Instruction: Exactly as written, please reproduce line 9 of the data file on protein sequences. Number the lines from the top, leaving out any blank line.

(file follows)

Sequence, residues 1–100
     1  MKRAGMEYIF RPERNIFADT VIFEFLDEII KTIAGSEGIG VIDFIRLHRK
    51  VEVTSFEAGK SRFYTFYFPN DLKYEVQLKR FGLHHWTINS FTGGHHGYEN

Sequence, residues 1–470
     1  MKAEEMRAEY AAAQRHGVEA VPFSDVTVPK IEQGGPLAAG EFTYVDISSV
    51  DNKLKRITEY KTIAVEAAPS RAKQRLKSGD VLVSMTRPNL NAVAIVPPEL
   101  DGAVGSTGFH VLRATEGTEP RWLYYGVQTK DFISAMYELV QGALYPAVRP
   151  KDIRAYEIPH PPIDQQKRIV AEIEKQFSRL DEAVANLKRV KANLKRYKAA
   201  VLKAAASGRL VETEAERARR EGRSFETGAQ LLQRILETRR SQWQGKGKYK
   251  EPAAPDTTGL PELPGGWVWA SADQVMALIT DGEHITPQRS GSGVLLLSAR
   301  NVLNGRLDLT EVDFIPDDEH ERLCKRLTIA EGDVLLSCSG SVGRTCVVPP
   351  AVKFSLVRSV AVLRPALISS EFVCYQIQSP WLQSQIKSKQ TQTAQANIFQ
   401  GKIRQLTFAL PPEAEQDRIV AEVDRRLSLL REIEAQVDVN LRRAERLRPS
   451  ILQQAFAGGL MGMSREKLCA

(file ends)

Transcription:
   201  VLKAAASGRL VETEAERARR EGRSFETGAQ LLQRILETRR SQWQGKGKYK